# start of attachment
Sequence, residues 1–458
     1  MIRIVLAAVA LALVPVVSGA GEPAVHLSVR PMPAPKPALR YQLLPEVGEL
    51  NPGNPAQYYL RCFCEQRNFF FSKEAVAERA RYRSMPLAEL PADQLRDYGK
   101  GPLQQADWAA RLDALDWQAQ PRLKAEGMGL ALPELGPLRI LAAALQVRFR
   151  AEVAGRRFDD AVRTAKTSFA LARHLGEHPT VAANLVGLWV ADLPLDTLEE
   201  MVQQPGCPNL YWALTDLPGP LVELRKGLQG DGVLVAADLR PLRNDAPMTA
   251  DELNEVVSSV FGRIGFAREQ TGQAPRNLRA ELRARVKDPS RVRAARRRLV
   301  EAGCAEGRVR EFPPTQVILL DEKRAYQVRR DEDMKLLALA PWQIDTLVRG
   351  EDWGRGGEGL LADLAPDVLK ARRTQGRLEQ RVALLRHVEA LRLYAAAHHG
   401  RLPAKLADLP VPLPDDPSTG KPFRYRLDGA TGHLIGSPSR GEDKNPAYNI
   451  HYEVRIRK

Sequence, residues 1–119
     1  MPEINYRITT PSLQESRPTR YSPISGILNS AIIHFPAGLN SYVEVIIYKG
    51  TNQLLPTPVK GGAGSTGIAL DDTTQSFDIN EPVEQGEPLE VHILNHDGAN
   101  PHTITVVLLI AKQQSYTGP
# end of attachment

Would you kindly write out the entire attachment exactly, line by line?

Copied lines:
Sequence, residues 1–458
     1  MIRIVLAAVA LALVPVVSGA GEPAVHLSVR PMPAPKPALR YQLLPEVGEL
    51  NPGNPAQYYL RCFCEQRNFF FSKEAVAERA RYRSMPLAEL PADQLRDYGK
   101  GPLQQADWAA RLDALDWQAQ PRLKAEGMGL ALPELGPLRI LAAALQVRFR
   151  AEVAGRRFDD AVRTAKTSFA LARHLGEHPT VAANLVGLWV ADLPLDTLEE
   201  MVQQPGCPNL YWALTDLPGP LVELRKGLQG DGVLVAADLR PLRNDAPMTA
   251  DELNEVVSSV FGRIGFAREQ TGQAPRNLRA ELRARVKDPS RVRAARRRLV
   301  EAGCAEGRVR EFPPTQVILL DEKRAYQVRR DEDMKLLALA PWQIDTLVRG
   351  EDWGRGGEGL LADLAPDVLK ARRTQGRLEQ RVALLRHVEA LRLYAAAHHG
   401  RLPAKLADLP VPLPDDPSTG KPFRYRLDGA TGHLIGSPSR GEDKNPAYNI
   451  HYEVRIRK

Sequence, residues 1–119
     1  MPEINYRITT PSLQESRPTR YSPISGILNS AIIHFPAGLN SYVEVIIYKG
    51  TNQLLPTPVK GGAGSTGIAL DDTTQSFDIN EPVEQGEPLE VHILNHDGAN
   101  PHTITVVLLI AKQQSYTGP